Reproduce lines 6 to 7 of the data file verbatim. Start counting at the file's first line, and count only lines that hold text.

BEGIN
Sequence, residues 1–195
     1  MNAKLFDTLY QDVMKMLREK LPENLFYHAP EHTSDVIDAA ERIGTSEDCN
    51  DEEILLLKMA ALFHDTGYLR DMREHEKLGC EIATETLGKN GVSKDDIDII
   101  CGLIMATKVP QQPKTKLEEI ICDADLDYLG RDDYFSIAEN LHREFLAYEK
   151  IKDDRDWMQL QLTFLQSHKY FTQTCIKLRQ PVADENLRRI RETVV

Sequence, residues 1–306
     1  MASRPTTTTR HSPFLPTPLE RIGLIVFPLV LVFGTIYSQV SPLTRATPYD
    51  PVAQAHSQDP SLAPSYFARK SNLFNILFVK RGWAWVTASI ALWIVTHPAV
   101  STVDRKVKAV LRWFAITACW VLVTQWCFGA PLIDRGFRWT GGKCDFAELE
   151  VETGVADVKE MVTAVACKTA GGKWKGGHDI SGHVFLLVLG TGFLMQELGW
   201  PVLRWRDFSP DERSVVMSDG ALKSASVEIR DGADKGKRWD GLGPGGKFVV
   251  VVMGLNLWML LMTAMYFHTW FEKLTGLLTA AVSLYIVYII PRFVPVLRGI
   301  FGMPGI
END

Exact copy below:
Sequence, residues 1–306
     1  MASRPTTTTR HSPFLPTPLE RIGLIVFPLV LVFGTIYSQV SPLTRATPYD